Jill Permadi, Travel Blogger and Rock Climber
- Forgo towels. They’re heavy and hard to dry. Most hostels will have them available for free or for rent.
- Packing cubes and compression bags help tons in limiting what you bring! When traveling with only a daypack, I made sure all of my clothes fit in one of the packing cubes.
- Super wicking clothes and underwear. Since you’ll be doing more laundry than usual, quick-dry clothes come in handy.
- Start with your bag. If you start with a smaller bag than usual, you’ll end up taking less than you would. I ask myself this question a lot, ‘Can I get this at [my] destination?’ if the answer is ‘yes’, most of the times it doesn’t make it into the bag.
Chez Brungraber, Founder of Gobi Gear
For summer travel, choose clothing and fabrics that dry quickly, and if possible, are not too heavy even when wet. Whether from hiking hard or getting caught in a rain storm, wet clothes can add considerable weight to your pack.
For colder weather, choose one great outer-layer that will keep everything dry underneath. Also, a trash bag or rain-cover for your entire pack can be essential.
Diego Saez-Gil, Founder & CEO of WeHostels
You can ‘de-materialize’ certain objects by replacing them with apps on you phone. The obvious example is the camera, but also think of the travel guide book, maps, the moleskine, books, magazines, etc.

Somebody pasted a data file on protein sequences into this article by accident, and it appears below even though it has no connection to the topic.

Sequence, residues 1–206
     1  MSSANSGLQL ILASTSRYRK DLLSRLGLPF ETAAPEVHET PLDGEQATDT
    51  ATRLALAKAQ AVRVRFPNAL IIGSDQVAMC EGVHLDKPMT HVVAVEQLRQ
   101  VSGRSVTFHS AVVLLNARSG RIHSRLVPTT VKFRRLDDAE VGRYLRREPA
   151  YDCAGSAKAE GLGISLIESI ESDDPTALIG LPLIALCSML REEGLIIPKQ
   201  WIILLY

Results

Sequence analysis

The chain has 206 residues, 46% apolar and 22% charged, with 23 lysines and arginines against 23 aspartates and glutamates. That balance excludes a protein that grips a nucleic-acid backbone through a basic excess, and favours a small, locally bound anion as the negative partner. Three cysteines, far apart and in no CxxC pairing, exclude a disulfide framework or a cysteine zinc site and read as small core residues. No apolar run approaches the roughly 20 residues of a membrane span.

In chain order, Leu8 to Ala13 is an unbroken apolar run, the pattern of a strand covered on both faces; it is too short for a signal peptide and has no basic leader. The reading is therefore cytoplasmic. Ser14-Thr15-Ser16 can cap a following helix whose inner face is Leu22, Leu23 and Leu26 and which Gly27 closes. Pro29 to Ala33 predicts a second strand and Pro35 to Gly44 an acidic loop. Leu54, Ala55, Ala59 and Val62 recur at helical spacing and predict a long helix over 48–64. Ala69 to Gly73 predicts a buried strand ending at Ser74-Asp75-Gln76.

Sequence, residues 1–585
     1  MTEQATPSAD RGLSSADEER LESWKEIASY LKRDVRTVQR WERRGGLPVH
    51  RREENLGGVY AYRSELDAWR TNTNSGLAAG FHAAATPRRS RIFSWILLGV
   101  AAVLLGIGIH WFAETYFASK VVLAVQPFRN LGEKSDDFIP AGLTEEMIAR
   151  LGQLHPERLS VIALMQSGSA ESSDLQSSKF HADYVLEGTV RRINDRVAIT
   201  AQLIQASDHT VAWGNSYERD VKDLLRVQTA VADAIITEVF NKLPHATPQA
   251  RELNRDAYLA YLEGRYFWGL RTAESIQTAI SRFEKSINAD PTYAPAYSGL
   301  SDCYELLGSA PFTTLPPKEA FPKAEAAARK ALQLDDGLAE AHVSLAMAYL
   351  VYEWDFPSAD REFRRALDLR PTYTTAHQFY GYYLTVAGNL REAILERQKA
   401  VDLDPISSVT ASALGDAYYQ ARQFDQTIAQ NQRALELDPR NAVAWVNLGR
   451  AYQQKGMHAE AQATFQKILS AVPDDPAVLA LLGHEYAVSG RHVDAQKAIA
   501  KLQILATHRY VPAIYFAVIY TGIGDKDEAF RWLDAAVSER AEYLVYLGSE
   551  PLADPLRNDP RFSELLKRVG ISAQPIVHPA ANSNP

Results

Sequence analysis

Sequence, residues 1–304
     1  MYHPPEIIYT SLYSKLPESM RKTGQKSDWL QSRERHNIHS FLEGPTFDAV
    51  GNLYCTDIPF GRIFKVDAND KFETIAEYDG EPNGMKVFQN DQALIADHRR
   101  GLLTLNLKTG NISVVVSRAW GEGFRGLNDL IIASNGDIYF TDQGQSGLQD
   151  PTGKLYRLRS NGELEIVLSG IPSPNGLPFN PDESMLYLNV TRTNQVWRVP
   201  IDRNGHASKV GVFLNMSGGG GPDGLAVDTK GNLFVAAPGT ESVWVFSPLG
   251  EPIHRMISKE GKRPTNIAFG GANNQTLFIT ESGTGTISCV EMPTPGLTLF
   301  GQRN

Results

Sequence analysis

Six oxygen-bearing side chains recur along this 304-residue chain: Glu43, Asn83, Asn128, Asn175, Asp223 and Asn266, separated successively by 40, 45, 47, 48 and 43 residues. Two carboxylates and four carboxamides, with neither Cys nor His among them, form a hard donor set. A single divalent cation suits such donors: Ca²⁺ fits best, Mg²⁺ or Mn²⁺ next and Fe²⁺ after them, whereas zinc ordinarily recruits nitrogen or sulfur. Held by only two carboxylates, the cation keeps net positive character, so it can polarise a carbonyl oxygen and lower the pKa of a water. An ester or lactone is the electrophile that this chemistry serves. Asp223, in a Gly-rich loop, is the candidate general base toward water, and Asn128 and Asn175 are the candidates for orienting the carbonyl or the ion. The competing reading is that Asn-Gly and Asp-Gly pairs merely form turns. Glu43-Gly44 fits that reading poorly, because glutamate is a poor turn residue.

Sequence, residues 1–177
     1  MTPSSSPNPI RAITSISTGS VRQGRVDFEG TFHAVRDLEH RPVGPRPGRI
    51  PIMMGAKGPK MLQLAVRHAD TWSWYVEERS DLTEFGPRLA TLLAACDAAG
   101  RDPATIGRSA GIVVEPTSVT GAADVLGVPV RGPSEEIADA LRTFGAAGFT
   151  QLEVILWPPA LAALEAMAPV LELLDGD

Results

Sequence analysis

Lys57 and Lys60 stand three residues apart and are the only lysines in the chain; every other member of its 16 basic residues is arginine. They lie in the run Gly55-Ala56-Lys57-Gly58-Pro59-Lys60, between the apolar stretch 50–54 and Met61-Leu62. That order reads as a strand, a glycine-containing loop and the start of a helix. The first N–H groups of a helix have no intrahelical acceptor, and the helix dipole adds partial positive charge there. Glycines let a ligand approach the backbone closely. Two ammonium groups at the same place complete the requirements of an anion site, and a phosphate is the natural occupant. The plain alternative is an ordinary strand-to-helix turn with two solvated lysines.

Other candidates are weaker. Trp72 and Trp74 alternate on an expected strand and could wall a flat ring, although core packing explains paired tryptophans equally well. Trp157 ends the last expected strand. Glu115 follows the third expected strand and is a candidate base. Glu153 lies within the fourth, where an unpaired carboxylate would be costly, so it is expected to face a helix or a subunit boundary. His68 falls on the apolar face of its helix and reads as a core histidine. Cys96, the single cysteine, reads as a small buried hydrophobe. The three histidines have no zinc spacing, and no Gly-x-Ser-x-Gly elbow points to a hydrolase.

Also, if you are taking a long term trip, you can buy clothing from locals as you go with apps like Modabound (an Airbnb for clothing) and others.
Tania Cruz, Co-Founder at the Poshpacker
Don’t bring any books on your trip. This way you’ll be forcing yourself to talk and meet new people. Don’t worry about books, no need to carry them, you’ll find plenty where ever you go.
Jeff Broman, Travel Blogger at Go Travelzing
Download guidebooks to your phone using the Kindle app to save weight and space. You also do not look like every other tourist carrying around the same guidebook.
Now it’s your turn. Share your best light packing tip in the comments.